This dissertation concerns the role of Canadian municipalities in stimulating economic growth. In particular, it focuses on the ability of municipal governments to stimulate the accelerated, sustained growth of local industry sectors through appropriate and timely public policies and actions.
The case is the petroleum manufacturing industry in southern Ontario during the period 1860-1960. This industry first developed following the discovery of crude oil deposits in southwestern Ontario during the 1850s. By the early 1860s, the petroleum manufacturing industry had begun to centre on the eastern outskirts of London, in a place that came to be named London East. The industry remained concentrated there until the early 1880s, when it shifted to Petrolia, a village in the centre of the crude oil producing region. At the century's close, the industry shifted again, this time to Sarnia, where it remained concentrated throughout the first half of the twentieth century, and was greatly expanded during and shortly after the Second World War by the development there of a large petrochemical manufacturing industry.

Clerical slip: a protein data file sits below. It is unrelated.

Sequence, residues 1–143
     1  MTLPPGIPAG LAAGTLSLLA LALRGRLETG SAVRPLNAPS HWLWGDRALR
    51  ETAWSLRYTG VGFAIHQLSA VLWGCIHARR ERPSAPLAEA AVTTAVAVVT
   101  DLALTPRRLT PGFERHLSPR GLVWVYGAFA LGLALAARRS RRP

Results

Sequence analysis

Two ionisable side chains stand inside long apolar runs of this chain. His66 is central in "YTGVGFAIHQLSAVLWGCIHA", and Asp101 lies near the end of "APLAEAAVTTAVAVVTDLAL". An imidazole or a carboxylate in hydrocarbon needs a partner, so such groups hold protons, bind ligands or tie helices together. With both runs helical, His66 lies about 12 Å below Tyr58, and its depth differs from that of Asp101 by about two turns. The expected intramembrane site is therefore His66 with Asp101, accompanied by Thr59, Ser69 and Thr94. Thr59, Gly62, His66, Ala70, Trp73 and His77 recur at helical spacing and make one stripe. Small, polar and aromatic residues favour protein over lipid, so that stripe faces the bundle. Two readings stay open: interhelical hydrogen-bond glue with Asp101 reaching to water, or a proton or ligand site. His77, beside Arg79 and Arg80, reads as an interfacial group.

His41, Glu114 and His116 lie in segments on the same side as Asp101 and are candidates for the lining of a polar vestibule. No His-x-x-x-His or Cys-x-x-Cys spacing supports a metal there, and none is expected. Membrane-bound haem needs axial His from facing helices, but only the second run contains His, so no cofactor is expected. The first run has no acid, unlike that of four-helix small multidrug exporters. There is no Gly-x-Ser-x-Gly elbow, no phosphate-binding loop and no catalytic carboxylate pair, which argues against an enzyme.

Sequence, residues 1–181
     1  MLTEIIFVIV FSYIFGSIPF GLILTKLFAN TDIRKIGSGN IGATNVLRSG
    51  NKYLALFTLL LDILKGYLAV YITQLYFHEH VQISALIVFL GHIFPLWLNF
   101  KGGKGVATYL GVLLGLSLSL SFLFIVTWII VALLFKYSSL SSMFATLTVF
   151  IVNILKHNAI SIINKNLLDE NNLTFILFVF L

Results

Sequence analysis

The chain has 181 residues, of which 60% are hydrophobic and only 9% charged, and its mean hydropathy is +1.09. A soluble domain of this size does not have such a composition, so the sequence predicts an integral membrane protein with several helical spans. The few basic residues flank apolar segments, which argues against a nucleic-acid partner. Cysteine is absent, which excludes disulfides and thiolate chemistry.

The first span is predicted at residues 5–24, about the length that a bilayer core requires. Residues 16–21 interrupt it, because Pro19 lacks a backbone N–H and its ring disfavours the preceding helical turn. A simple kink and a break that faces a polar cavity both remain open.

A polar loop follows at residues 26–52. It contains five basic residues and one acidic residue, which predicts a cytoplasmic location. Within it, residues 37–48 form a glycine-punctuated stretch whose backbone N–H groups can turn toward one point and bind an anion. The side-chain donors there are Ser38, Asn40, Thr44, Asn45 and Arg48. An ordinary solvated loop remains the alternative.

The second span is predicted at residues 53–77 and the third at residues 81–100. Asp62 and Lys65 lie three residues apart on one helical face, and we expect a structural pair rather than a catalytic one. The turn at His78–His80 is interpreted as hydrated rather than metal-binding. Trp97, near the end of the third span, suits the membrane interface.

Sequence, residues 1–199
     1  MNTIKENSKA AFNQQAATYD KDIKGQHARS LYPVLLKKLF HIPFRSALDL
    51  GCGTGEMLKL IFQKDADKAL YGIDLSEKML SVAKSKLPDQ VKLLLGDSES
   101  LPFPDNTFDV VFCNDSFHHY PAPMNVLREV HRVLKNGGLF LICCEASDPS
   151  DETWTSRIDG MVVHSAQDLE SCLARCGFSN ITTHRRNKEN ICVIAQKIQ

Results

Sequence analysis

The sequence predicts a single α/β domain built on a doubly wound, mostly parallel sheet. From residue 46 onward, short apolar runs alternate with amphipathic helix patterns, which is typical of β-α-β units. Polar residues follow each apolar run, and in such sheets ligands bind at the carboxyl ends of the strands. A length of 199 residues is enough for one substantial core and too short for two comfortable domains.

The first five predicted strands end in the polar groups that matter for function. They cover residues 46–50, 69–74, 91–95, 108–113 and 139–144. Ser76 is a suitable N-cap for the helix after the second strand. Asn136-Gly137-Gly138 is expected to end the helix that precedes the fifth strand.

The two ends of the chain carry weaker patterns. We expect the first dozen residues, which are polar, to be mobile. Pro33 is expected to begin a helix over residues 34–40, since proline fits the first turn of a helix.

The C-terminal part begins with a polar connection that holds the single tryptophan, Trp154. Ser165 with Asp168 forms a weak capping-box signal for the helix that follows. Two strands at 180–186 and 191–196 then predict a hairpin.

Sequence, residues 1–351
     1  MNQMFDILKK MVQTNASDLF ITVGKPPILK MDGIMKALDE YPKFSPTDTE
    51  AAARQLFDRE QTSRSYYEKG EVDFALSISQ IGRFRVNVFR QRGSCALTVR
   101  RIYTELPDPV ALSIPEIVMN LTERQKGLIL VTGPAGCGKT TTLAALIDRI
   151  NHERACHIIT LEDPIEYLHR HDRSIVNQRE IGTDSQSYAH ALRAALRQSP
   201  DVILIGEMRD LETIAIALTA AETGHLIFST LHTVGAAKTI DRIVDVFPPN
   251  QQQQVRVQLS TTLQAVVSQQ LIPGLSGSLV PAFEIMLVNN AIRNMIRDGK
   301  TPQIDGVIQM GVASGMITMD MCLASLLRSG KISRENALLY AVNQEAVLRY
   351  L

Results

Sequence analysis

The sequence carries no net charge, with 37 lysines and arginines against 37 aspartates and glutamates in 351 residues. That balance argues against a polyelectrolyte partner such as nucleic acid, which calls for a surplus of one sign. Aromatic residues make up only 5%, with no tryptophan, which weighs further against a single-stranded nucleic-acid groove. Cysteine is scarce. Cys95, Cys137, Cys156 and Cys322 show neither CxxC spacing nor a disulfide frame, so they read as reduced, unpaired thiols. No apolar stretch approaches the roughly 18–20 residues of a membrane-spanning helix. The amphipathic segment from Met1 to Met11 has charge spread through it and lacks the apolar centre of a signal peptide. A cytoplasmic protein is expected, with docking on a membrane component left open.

To assess the influence of municipalities on the development of the petroleum manufacturing industry in these three urban areas, this dissertation relies on documents and records held in various archives and private collections, as well as other contemporary sources, including government publications and newspapers. The main conclusion is that municipalities can stimulate the accelerated, sustained growth of local industry sectors by implementing land use policies that encourage the dense spatial clustering of industry sectors within their territories, by accommodating the transportation requirements of industry sectors through timely, strategic infrastructure investments, and by assisting with their land assembly needs at critical moments through the use of municipal land expropriation powers.